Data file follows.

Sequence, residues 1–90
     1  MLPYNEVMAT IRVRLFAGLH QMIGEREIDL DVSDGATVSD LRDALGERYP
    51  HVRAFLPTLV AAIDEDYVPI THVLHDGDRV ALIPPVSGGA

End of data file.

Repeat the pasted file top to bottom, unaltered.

Sequence, residues 1–90
     1  MLPYNEVMAT IRVRLFAGLH QMIGEREIDL DVSDGATVSD LRDALGERYP
    51  HVRAFLPTLV AAIDEDYVPI THVLHDGDRV ALIPPVSGGA